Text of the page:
Sports have long been linked to cases of sudden cardiac arrest in the young, but a recent report shows that obesity may play a larger role than activity.
Modern Medicine News
Jane Mendle, PhD’s research at Cornell University in Ithaca, New York, investigating the long-term psychological effects of early puberty has significant implications for our practices as pediatric nurse practitioners—and for all healthcare providers.
Too many children with depression go undiagnosed and untreated, according to the American Academy of Pediatrics. Updated guidelines should address this standard of care.
For Contemporary Pediatrics, Dr Bobby Lazzara looks at an observational study published in PLoS Medicine that examined full term infant mortality and what the findings suggest pediatricians need to be doing.
A new poll shows that there is a lot of misunderstanding about when is the right time for children to start seeing a dentist.
A popular claim in the antivaccination movement that too many vaccines can set children up for poor immunity overall has been refuted in a new study.
Stressing dieting over healthy eating in teenagers can cause lifelong weight and diet problems than can extend for generations.
A 5-month-old previously healthy, full-term female presented to a pediatric emergency department with 2 weeks of left leg swelling. Her parents denied any history of trauma, pain, fevers, weight loss, and easy bruising or bleeding, and family history was negative for cancer. The patient had been feeding and eliminating well.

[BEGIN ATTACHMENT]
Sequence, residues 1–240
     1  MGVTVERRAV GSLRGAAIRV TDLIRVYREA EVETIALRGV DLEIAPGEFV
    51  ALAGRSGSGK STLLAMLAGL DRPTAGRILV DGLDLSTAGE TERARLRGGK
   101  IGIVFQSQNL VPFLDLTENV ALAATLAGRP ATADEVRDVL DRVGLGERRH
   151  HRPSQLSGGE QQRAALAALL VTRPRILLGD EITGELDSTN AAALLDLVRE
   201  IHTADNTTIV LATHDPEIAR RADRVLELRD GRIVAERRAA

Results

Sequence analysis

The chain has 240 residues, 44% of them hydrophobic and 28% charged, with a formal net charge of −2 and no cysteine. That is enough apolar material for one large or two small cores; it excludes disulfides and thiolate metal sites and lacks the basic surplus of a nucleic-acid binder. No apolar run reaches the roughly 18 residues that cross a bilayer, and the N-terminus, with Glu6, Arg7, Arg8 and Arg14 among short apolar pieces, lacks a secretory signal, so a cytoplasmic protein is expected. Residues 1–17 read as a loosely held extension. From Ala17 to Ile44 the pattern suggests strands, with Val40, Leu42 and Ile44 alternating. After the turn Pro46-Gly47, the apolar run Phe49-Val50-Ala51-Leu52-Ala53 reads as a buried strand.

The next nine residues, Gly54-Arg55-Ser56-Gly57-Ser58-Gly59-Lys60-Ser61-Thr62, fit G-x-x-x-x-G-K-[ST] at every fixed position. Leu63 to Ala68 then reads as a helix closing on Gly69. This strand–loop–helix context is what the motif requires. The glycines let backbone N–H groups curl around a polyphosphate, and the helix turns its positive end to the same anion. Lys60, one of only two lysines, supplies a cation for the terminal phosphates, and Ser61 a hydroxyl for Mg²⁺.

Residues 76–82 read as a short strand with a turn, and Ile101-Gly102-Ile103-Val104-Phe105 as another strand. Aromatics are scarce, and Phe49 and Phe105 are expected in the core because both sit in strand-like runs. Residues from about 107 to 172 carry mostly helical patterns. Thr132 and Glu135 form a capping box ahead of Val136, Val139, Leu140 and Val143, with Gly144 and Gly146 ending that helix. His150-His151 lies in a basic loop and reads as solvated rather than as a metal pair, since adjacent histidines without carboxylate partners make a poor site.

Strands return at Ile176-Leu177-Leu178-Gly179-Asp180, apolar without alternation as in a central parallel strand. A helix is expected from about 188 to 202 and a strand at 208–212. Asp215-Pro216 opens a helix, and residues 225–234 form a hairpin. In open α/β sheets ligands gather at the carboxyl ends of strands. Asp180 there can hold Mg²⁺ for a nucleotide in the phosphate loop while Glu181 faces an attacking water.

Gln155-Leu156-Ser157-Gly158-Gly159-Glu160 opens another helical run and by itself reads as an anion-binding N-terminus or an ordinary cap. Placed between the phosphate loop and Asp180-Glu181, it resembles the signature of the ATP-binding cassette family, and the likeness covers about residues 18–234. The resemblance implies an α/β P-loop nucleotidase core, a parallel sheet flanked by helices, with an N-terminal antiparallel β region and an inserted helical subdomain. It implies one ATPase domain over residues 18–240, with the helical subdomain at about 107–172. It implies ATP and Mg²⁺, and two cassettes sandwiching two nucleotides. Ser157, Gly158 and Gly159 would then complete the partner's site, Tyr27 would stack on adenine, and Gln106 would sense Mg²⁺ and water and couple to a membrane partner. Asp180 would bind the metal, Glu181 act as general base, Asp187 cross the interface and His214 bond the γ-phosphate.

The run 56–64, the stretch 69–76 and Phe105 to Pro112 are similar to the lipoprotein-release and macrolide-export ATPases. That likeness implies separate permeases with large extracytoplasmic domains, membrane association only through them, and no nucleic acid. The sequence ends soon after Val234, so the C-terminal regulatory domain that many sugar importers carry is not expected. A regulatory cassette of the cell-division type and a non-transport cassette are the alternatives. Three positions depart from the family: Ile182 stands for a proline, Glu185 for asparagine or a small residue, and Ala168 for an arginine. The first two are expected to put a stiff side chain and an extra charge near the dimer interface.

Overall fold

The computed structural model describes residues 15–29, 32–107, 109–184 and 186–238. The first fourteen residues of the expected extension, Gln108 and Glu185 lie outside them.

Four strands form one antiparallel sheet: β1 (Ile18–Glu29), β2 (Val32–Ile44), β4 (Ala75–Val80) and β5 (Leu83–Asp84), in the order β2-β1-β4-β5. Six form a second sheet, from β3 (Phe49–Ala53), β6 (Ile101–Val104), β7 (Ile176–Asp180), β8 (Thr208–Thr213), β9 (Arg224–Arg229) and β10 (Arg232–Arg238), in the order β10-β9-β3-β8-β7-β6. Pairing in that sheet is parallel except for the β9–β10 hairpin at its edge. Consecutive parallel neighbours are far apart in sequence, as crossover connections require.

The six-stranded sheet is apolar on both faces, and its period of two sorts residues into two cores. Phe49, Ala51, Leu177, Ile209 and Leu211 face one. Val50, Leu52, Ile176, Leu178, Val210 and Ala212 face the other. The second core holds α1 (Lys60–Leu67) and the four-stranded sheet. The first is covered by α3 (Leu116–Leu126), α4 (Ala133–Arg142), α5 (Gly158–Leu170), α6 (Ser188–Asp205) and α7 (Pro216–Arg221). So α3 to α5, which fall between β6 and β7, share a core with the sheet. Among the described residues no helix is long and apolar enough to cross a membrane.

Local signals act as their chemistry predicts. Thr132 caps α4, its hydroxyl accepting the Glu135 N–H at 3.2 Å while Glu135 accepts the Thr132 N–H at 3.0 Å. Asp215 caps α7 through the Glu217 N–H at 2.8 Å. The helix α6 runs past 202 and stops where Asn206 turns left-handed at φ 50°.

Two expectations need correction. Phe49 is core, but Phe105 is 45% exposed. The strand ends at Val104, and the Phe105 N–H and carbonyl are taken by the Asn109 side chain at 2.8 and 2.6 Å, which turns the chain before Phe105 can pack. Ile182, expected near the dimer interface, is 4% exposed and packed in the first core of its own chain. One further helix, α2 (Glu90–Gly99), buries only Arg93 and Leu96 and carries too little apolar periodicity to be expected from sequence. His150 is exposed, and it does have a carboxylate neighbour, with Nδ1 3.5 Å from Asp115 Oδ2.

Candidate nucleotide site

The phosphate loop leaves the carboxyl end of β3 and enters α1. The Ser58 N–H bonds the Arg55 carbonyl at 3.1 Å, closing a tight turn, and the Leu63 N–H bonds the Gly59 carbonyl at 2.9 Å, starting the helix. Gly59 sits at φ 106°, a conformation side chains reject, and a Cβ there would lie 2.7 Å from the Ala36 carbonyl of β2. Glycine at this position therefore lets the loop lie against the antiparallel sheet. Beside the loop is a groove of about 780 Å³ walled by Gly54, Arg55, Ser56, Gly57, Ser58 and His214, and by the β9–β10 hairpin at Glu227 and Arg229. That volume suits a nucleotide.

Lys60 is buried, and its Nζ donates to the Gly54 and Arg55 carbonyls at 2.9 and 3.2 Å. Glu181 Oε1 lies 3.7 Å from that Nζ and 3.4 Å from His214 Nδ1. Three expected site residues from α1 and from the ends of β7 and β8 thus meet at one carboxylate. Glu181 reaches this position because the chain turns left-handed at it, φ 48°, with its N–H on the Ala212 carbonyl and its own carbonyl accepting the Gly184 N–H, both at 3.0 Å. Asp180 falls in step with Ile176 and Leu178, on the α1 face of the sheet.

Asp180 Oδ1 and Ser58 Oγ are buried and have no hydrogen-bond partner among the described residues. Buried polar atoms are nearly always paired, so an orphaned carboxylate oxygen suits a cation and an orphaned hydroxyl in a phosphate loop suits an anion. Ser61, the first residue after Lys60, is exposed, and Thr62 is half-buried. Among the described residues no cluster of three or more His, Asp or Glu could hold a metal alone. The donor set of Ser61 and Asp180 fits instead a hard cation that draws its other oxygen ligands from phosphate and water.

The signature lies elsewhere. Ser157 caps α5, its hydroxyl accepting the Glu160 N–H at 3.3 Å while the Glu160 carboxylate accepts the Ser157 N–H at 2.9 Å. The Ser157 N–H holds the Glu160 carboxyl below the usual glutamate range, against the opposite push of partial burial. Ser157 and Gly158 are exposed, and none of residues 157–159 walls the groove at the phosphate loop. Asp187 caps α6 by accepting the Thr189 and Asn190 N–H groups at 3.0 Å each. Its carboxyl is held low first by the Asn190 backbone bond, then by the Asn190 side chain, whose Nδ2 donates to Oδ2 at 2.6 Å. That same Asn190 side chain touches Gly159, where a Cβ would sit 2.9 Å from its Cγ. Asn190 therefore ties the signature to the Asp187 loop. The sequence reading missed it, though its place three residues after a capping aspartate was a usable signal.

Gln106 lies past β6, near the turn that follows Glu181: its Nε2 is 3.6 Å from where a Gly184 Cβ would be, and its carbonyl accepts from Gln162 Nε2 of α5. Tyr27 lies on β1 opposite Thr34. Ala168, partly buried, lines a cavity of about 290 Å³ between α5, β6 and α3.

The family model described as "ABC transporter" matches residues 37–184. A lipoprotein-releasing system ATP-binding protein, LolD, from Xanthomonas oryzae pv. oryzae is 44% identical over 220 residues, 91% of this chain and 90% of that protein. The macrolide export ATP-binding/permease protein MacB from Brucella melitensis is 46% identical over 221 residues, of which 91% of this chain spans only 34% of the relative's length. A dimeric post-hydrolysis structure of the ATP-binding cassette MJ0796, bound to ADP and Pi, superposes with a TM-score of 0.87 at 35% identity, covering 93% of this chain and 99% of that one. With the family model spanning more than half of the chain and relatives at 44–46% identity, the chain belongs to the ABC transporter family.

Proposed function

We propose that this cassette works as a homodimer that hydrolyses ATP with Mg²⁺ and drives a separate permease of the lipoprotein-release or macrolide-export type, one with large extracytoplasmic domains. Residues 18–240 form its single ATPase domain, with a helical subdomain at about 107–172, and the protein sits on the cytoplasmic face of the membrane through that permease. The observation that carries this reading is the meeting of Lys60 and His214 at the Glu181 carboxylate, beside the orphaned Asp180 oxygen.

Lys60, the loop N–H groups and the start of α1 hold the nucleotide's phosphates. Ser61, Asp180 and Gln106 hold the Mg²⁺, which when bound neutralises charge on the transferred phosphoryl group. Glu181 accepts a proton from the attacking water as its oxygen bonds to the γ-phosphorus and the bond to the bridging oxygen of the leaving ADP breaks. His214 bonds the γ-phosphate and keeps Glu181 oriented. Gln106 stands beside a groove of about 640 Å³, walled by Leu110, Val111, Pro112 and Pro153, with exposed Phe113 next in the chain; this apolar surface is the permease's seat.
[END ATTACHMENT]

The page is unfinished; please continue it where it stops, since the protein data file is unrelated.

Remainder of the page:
Urinalysis is extremely sensitive and specific for screening for urinary tract infections (UTIs) in febrile infants aged 60 days and younger, especially when the UTI is associated with bacteremia, a recent study showed.
A meta-analysis of 12 studies of the risk of death after a brief resolved unexplained event (BRUE) found that such an event does not increase an infant’s risk of dying during his or her first year. The American Academy of Pediatrics (AAP) introduced BRUE, a sudden alteration in an infant’s breathing, color, tone, or responsiveness, as a replacement for “apparent life-threatening event” (ALTE) in a 2016 clinical practice guideline.